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Helping Kids Cope with Tragedies

Get Help Guiding Your Child Through Difficult Events

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Updated April 17, 2013

A tragic event, like the bombing at the Boston Marathon, is difficult for everyone. It may be especially difficult for children, who have already had to deal with other tragic events in recent years, such as school shootings, the earthquake in Haiti, tsunami in Indonesia, Hurricane Katrina, terrorist bombings, and the wars in Iraq and Afghanistan.

The bombing in Boston also might be very difficult for children, as it comes fairly close to the shootings at Sandy Hook Elementary School in Newtown, Connecticut. These children are likely already worried about the possibility that something may happen and a parent or other family member might get hurt and not return home. Seeing a tragedy, like the loss of life in the bombings, might reinforce their fears.

What should you do to help your child cope with an event like that? That mostly depends on how close your child is to the event. If a child lost a parent or other family member, or if they are friends with someone that lost someone in the tragedy, then they will likely need extra, and perhaps professional help, unlike kids who had no direct connection.

General Tips for Coping with a Tragedy

At first, it is usually best to limit your child's exposure to the tragic event. The American Academy of Pediatrics recommends that you should not let "children or adolescents view footage of traumatic events over and over" and that they "should not watch these events alone." For younger children, especially toddlers and preschool age children, it may be best to just insulate your child from the events. Turn off the television or restrict access to channels with news coverage. Many pictures on TV are too graphic for younger children. And allow older children to watch a limited amount of television coverage while accompanied by an adult who can talk about what has happened with the child.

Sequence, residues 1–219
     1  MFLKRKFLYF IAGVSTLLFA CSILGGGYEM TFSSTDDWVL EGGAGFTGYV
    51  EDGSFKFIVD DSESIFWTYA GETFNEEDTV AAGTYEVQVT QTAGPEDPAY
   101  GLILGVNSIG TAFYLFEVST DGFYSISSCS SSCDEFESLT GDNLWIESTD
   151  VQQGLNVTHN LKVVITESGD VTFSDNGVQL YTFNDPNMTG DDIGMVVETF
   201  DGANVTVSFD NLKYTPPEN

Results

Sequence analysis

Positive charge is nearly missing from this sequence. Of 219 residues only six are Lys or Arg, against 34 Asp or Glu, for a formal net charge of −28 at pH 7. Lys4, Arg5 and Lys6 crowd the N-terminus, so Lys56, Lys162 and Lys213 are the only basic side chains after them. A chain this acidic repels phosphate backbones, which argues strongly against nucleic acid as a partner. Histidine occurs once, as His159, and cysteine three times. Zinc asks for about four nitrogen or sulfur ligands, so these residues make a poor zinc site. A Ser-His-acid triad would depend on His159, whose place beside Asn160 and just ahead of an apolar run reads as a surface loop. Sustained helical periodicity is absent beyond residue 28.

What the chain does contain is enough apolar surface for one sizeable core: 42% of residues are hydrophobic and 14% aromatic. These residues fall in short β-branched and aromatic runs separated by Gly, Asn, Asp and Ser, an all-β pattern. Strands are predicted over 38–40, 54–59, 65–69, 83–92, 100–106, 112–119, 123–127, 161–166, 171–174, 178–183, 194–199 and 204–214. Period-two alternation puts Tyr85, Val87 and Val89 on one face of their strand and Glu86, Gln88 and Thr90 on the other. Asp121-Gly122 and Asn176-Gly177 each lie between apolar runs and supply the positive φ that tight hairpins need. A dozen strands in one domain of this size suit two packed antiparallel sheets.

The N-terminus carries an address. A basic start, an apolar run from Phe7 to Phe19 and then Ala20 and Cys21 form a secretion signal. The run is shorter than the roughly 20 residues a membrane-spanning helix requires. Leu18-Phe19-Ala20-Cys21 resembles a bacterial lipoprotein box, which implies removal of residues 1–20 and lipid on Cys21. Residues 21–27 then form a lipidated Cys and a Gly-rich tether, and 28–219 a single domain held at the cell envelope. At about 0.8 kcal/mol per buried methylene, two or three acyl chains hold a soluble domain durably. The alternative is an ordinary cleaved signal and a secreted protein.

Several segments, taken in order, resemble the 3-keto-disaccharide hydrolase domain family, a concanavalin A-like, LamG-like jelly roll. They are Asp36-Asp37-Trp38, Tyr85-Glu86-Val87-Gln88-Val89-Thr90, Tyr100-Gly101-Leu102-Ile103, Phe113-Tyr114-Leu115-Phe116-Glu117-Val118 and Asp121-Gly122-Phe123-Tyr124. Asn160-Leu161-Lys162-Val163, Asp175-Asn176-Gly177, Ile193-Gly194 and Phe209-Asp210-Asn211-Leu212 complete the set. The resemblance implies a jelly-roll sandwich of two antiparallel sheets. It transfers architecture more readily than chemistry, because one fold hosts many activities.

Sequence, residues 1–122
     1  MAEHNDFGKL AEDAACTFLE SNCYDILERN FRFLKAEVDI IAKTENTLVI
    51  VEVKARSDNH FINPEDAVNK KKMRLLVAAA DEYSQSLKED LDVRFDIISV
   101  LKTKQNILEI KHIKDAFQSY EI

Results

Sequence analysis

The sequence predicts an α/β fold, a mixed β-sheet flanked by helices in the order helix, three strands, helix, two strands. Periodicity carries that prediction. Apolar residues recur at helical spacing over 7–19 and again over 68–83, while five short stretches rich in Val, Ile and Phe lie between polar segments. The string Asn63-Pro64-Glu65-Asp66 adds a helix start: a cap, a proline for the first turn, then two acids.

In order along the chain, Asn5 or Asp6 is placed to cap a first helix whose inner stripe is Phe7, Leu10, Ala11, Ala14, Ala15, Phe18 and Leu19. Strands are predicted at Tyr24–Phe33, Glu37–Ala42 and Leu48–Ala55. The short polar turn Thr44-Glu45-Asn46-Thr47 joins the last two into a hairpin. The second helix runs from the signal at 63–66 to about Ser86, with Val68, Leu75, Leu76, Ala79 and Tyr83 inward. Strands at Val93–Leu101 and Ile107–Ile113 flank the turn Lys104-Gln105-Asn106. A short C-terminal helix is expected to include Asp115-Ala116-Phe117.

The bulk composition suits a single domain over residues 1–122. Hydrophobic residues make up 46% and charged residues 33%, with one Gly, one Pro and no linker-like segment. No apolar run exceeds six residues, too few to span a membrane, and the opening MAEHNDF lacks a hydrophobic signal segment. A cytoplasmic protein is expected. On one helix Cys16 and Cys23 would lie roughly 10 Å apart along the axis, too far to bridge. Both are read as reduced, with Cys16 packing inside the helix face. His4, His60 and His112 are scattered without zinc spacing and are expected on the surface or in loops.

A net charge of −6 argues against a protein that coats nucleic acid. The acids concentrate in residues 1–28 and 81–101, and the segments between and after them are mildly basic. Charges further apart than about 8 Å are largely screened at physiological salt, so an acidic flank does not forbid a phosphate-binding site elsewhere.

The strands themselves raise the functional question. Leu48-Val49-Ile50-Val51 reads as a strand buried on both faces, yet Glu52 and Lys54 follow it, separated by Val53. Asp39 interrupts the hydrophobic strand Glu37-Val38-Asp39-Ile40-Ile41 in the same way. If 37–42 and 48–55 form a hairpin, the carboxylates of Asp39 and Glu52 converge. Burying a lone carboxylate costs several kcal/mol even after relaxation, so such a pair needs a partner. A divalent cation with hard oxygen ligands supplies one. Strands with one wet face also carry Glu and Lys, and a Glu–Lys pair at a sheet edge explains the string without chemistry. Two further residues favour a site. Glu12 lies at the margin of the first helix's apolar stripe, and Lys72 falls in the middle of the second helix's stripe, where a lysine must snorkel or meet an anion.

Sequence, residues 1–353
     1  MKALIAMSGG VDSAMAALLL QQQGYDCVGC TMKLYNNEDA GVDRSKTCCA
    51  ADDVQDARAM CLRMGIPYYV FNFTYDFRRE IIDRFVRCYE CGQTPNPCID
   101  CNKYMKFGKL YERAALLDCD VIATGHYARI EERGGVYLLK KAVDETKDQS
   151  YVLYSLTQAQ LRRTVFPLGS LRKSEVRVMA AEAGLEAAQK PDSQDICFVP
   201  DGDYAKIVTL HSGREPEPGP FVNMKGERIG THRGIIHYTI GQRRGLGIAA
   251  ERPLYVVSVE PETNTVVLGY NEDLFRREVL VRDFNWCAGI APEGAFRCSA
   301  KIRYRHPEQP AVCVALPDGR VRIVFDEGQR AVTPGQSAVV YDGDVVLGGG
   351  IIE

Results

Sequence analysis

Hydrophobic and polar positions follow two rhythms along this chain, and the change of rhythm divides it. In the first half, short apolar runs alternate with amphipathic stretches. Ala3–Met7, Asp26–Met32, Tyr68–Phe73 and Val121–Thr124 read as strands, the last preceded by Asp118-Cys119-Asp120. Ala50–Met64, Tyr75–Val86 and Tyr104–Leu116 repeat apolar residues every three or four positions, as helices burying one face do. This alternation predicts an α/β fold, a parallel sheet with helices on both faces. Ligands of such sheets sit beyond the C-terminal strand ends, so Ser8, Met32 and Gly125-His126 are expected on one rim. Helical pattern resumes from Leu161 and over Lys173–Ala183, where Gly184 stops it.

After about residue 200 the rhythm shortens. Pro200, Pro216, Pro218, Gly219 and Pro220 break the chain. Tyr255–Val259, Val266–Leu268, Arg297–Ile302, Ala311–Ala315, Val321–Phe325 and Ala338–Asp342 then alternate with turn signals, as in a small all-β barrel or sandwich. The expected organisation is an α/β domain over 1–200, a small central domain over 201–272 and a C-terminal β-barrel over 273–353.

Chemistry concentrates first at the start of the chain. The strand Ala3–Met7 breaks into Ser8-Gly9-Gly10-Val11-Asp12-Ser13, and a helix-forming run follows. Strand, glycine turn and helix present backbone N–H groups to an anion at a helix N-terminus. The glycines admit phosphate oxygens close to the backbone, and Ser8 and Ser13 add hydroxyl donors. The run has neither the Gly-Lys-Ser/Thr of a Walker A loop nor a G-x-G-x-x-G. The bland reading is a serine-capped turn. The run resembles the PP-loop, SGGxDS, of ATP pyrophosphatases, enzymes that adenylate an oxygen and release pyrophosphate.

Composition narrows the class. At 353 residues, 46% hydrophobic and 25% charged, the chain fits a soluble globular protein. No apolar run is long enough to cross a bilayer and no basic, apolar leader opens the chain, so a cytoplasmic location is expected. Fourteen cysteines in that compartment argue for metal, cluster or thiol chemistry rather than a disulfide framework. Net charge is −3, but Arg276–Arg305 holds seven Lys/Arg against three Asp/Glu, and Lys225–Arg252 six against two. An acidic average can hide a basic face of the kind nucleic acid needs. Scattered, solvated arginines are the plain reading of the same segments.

Communicating about the event is also important. You can begin by providing age appropriate and limited facts. If you think your child wants more details, consider asking a follow up question or wait for him to ask additional questions.

You should also make sure that your children understand that they're safe and that their friends, parents and other family members are safe. An event like this can lead to children to be afraid and also begin to fear the loss of their parents. Some difficult questions that may come up and which you should be prepared to answer include: "will I die?" or "will mommy or daddy die?." It is important to be direct and honest. You can tell him that people normally don't die until they are very old and reassure him that while everyone does die, you will all live a long time.

Other tips on dealing with your child's fears include:

  • Respect your child's feelings and fears. It is not helpful to use put downs, such as "your being a baby for being afraid of that," or to try and ignore the things that he is afraid of.
  • Ask him why he is afraid and then talk about it. This can be especially helpful if there was a triggering event.
  • Don't be overprotective and let him avoid all of the things that he is afraid of, but you also don't want to try and force your child into doing something he is afraid to do.
  • Don't overreact, so that your extra attention reinforces your child's reactions.
  • Remind him of other things or times in the past that he was afraid of, and for which he is no longer has fears.
  • Again, reassure and comfort your child as you help him to face his fears. In the long run, it is also not helpful to teach your child that it is alright to avoid everything that he is afraid of.
Children directly affected by this tragedy and other children who are having difficulty coping, including those who develop sleep, school or behavior problems or withdrawal from friends and family, should get professional help. Your pediatrician, a child psychologist, and/or a child and adolescent psychiatrist can be good resources for these children.



Sources:

American Academy of Pediatrics. Talking to Children About Disasters. Accessed April 2013.

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